In August, Microsoft officials said to "stay tuned" for news about when and whether a Teams client for Linux would be coming. Late last week, the possibility became an acknowledged certainty: The company is "working on" a Teams client for Linux.
Microsoft updated the UserVoice page a few days ago to reflect that a Linux Teams client is definitely happening.
"We know many of you are waiting for a Teams client for Linux, and we're pleased to confirm we're actively working on it," said UserVoice admin Alex in a post on September 6.
She didn't provide any information as to when a preview or final version of that Linux client will be available. I've asked but no word back yet. Update: A spokesperson said the company had nothing to say about timing and pointed to the updated UserVoice post saying "stay tuned for more information."
Microsoft already offers Teams for Windows, Mac, iOS, Android and the Web. Microsoft group-chat rival Slack already has a Linux client.
The original UserVoice request for a Linux client for Teams dates back to 2016. Teams for Linux is one of the top user requests on the Teams UserVoice site.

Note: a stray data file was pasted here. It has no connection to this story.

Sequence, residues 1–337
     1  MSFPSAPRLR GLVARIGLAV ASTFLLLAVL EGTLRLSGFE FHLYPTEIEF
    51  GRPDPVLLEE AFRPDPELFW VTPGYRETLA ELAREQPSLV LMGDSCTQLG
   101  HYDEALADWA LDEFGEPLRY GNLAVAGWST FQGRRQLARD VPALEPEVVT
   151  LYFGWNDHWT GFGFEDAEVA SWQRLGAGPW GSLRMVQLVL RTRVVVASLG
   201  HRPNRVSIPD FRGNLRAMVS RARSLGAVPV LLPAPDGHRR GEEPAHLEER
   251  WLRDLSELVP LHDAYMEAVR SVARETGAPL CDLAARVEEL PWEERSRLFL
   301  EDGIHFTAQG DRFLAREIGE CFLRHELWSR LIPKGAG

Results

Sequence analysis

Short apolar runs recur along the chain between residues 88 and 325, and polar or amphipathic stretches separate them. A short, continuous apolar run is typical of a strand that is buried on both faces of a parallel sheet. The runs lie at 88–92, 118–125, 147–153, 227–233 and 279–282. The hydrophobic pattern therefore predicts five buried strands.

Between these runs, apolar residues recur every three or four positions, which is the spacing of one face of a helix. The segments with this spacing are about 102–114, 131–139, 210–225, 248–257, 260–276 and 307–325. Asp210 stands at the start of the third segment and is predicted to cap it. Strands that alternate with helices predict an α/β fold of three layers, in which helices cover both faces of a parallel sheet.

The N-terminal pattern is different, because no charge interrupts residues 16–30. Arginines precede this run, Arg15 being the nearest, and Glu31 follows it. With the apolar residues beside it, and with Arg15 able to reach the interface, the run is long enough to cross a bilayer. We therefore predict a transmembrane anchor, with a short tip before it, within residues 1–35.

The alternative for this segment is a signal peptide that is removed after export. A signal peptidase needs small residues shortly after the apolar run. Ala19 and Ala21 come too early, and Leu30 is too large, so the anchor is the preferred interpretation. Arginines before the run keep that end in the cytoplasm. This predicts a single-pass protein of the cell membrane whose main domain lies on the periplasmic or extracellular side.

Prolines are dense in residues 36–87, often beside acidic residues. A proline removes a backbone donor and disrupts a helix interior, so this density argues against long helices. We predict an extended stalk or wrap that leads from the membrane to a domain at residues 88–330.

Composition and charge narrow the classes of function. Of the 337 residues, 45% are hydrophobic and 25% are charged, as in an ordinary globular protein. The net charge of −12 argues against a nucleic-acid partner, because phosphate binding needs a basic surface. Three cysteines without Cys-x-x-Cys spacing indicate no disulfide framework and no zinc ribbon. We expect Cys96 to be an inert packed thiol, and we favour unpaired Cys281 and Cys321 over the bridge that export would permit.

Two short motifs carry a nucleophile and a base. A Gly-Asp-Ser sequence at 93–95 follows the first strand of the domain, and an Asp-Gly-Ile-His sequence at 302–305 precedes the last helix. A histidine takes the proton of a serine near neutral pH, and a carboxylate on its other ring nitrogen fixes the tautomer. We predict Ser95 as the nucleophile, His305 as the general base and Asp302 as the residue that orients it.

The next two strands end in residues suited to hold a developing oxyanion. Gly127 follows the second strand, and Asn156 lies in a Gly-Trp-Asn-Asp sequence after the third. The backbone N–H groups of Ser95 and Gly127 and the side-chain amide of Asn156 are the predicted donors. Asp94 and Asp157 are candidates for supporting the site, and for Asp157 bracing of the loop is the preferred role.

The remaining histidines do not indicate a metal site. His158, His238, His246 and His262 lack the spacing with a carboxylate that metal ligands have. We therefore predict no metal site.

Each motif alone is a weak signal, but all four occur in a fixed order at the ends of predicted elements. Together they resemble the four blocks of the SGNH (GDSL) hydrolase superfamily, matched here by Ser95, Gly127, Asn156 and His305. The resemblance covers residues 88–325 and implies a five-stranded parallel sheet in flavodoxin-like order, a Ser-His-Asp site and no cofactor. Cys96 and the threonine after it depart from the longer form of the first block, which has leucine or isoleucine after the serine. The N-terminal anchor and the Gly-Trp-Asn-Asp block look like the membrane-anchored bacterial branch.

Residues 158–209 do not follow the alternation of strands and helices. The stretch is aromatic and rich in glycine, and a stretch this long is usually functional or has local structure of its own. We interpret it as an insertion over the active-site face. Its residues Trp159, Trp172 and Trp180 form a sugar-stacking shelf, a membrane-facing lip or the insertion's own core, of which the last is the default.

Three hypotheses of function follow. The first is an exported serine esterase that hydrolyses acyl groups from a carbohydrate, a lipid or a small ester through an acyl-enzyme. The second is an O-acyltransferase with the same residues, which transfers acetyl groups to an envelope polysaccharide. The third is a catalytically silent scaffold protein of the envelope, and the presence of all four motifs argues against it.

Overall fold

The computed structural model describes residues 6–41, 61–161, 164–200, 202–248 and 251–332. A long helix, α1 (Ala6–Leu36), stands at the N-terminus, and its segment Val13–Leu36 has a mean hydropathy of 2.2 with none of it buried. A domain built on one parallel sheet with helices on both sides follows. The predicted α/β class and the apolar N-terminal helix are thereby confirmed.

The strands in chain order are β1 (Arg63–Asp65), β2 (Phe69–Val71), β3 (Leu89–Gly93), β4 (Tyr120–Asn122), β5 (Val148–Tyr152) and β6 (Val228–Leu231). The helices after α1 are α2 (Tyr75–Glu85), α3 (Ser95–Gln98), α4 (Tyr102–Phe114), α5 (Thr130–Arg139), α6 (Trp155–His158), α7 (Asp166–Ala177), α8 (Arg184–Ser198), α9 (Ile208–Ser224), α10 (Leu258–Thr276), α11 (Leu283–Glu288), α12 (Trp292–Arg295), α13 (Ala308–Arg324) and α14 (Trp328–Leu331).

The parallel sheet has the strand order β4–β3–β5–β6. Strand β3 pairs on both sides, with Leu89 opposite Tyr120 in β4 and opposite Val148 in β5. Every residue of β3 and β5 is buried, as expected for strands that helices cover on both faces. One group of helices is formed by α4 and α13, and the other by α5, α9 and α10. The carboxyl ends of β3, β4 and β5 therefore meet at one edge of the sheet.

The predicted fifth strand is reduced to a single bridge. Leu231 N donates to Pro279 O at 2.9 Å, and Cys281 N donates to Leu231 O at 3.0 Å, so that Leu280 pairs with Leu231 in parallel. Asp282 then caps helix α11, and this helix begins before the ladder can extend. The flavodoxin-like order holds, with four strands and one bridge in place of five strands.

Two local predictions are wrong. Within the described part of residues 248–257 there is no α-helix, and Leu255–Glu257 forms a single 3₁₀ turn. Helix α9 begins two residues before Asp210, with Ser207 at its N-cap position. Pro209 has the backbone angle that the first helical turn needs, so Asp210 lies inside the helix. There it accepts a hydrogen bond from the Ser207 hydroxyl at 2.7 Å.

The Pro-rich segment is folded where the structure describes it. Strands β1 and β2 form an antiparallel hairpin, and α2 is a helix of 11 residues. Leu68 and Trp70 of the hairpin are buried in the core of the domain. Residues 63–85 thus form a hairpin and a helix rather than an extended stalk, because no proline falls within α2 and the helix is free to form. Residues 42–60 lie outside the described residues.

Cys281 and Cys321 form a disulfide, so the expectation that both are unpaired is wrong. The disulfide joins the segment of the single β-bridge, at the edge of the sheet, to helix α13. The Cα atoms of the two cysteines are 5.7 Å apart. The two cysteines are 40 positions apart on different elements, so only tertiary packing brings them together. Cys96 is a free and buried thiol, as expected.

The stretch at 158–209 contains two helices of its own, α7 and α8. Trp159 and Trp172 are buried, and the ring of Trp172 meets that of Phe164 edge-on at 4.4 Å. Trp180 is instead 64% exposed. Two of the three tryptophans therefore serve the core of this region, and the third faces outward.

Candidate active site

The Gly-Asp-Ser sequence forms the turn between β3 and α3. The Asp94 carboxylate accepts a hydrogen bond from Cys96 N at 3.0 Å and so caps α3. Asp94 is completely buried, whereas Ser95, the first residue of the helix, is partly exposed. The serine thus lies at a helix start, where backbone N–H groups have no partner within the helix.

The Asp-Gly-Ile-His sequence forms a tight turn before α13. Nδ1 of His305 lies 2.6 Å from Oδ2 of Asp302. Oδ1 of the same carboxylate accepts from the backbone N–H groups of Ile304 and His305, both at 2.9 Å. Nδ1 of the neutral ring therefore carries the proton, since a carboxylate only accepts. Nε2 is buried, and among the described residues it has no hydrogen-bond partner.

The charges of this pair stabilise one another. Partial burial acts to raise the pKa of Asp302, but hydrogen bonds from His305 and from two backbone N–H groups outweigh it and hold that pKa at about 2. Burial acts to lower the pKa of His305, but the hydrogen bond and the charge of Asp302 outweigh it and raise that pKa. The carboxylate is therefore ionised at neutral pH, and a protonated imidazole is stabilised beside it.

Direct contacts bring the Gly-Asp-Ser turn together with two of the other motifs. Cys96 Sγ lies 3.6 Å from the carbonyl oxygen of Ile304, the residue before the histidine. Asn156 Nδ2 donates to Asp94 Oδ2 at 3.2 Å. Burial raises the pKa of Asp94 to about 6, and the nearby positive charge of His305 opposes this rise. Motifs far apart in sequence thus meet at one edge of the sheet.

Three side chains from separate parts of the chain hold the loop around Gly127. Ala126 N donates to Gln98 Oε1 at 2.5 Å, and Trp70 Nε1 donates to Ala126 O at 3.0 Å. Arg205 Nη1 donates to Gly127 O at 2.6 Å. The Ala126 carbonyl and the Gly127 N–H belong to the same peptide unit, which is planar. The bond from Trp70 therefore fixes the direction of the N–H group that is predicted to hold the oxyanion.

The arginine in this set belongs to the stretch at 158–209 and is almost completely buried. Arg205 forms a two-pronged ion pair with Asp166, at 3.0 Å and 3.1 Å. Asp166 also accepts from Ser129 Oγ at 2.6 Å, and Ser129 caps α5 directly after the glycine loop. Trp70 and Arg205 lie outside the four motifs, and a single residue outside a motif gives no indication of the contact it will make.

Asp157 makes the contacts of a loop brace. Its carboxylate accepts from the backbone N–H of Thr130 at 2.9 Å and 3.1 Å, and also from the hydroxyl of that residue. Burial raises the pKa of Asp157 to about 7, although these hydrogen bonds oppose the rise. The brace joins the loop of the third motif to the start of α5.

Microsoft's Teams client is an Electron app. Many accuse it of being bloated, slow and in need of a do-over (especially on Windows). I, myself, have not had good luck getting the Teams web client to work consistently on Windows 7. Here's hoping the Teams team also is working on its existing products, not just brand-new ones.
Microsoft execs also have dangled the possibility of a Chromium-based Edge browser variant for Linux, but have yet to confirm if and when it will arrive.
(Thanks to Windows Central for the pointer to the updated UserVoice page for Teams for Linux.)